22 June 2015
Steve Waters’ new play Temple is invigorating, and that is a surprise considering its subject matter. Temple reveals the trials of the administration of St. Paul’s Cathedral during the 2011 Occupy Movement. It is set on the day the building reopened following a two week closure. It also tells of the drama surrounding the resignation of the Canon Chancellor following his fears of violence accompanying the eviction of the protestors. The set-up sounds like it would contain a trite ninety minutes of old people commenting on how they cannot grasp Twitter and a debate on the merits of the Occupy movement (which is a good debate, but not one that would make for good theatre). However, Temple rises above these pitfalls and becomes the most accomplished piece of original theatre I have gone to this year.
The greatest facet of the play is that the characters go far beyond getting a grip on Twitter and Occupy. For the most part, the characters are extremely competent and knowledgeable; because of this, the issues of the play are moral in nature rather than filled with platitudes. One of the salient questions that the play raises is: to which authority does one give precedence to? The audience gets to see the Dean of St. Paul’s answer the question in mostly real time (it takes place around a couple of hours prior to the cathedral’s reopening). Each authority is given its treatment: the banks, the City of London, tradition, the law and the public—God being the overarching influence. The most interesting question of authority raised is that of one’s own authority. The Dean is tested on the nature and limits of his own authority and whether he is fit to be the figure his role demands of him. He goes from weakness to strength with the subtle revelations of events, always showing an internal struggle that in some ways mirrors that of the protestors he is dealing with.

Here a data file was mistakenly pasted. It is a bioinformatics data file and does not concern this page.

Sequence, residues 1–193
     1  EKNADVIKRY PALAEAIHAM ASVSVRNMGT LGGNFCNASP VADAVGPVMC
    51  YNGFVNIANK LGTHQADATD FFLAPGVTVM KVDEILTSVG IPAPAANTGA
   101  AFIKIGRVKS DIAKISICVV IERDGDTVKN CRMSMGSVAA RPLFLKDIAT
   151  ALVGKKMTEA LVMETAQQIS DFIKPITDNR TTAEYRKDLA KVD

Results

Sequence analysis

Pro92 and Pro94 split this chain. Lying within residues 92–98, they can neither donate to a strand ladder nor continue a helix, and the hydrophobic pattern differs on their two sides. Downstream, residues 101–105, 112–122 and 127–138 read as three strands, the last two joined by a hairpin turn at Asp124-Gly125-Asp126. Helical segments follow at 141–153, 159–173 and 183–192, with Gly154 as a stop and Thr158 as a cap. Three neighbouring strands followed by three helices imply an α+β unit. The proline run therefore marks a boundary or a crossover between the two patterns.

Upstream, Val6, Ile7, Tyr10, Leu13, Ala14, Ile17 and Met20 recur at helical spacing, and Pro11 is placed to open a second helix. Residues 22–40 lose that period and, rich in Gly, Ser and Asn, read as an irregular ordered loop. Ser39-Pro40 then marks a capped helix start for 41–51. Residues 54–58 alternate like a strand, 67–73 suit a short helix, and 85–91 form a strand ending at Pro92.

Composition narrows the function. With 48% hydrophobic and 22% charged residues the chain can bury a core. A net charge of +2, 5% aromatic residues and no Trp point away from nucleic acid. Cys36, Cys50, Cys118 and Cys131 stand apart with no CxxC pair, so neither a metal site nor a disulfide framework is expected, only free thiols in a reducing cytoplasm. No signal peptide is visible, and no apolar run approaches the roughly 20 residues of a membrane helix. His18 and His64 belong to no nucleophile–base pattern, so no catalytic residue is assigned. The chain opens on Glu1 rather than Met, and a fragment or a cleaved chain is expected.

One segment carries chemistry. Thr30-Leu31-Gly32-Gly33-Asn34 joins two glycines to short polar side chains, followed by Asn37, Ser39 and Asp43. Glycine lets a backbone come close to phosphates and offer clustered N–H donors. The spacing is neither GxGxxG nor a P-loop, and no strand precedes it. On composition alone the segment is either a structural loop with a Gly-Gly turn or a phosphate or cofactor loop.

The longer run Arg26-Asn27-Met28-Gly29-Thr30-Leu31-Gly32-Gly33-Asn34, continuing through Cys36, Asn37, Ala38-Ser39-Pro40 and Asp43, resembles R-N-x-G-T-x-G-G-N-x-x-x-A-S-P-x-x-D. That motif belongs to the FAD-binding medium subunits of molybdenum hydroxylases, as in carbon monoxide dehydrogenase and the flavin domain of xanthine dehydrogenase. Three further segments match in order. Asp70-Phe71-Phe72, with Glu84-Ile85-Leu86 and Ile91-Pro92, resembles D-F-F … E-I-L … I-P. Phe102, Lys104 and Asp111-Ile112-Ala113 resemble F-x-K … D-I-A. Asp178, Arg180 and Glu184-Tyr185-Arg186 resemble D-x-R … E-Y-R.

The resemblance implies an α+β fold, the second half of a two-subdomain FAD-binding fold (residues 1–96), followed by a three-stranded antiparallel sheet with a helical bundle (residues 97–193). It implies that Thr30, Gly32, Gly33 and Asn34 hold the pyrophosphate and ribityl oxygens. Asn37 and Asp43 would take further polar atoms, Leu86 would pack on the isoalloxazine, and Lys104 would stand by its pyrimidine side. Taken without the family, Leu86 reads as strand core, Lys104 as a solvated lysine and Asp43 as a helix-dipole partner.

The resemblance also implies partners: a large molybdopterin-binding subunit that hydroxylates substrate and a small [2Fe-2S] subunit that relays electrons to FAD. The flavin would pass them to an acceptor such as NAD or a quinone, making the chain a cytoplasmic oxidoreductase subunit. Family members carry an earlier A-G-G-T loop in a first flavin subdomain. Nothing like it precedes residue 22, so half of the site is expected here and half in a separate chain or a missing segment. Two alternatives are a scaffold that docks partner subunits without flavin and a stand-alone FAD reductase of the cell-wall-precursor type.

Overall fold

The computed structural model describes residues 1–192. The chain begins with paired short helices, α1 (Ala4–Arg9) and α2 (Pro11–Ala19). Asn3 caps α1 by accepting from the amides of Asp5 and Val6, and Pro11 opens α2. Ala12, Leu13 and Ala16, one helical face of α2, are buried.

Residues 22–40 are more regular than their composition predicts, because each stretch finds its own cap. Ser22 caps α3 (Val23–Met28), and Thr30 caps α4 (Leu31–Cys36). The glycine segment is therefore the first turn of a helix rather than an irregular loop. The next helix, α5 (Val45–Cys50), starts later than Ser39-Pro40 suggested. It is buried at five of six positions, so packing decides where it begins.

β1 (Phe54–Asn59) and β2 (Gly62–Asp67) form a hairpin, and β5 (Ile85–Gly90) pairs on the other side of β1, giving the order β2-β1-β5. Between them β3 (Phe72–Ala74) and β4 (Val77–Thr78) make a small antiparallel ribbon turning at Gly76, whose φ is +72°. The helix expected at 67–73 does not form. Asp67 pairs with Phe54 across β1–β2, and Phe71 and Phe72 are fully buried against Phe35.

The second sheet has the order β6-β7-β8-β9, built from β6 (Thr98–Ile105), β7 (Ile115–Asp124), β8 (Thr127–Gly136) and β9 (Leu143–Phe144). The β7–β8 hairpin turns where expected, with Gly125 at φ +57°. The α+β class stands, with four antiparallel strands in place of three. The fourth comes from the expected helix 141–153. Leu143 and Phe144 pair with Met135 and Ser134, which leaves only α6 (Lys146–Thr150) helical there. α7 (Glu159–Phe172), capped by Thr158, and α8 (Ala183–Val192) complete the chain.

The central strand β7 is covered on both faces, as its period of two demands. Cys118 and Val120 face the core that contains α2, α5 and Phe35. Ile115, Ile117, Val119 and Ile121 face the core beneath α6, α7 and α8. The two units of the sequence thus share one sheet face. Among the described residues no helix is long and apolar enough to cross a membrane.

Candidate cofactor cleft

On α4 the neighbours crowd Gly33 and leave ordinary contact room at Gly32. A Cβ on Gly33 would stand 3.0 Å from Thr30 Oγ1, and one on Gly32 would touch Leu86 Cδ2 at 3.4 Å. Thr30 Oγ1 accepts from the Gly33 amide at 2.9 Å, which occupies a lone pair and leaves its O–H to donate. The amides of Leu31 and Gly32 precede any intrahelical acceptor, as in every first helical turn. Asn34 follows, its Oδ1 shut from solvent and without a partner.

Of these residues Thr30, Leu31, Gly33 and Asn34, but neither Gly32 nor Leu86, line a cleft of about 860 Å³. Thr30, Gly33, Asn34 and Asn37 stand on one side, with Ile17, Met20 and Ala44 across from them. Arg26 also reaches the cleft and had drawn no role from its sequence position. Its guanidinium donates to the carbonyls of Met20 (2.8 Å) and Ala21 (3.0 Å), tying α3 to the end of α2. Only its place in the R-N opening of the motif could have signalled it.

Simon Russell Beale as the Dean is definitive. On the stage he becomes a real human facing a massive crisis. He exudes modesty in all aspects, whether through his register or his minute physicality, yet he is still able to communicate the fear and stress of his position. However, he is not a pathetic creation: he is charming and able to banter with his colleagues but underlying this the audience feels the internal tension, providing a consistent doubt as to what will transpire next. This works well with the play’s setting: as a public in the real world, we only saw the Dean’s decisions after they were made but rarely did we see the humanity behind them and that, despite the fact that we know the ending from the news, is far more interesting.
Temple has the help of a supporting cast who skillfully create distinct performances. Each character challenges the Dean in their own way. Rebecca Humphries, playing the Dean’s PA, creates a naivety that never borders on sentimentality and, as a character, expresses her feelings without the ego or passive-aggressiveness that the others bring. One downside, and it is not a fault of Humphries, is that the PA’s character is forced to undergo a transformation from a temporary assistant to a knowledgeable advisor to the Dean: it does not work very smoothly. The dialogue becomes quite glaringly unnatural at times. This reveals another problem with her character in that Waters tries to inject class conflict through her dialogue yet it makes it appear as though Waters has never talked to a working class person in his life. Similarly, there is a weak establishment of an age divide, for instance when the PA mentions that her doctorate was on queer theory, with the Dean presumably told in the script to ‘look shocked’ at that moment.
Malcolm Sinclair wins the audience with a daring take on the Bishop of London, with help from Waters’ clear wit in his dialogue. Anna Calder-Marshall is delightful in her role as the grumpy Virger. Paul Higgins is highly competent as the fiery Canon Chancellor, especially for the conflict he is able to stir up every time he appears onstage, although he is not so believable in his sections of heightened emotion. Shereen Martin unfortunately goes for caricature rather than authenticity as the City of London lawyer, mainly thanks to Waters’ weak dialogue—note to the audience: lawyers do not use ‘OMG’ in real-life conversation.
Set Designer Tim Hatley successfully creates the interior of the Dean’s conference room during a crisis: the empty tea cups from the night before say more than much of the initial dialogue. The best aspect of the set is Wren’s St. Paul’s behind the room’s windows, hyperbolically large, constantly reminding the characters that they are dealing with an institution much older and more important than they are.
Despite the minor flaws I have mentioned, Temple is ideal viewing. Please see it before it leaves the Donmar, although I suspect it will return in a new form a few years later.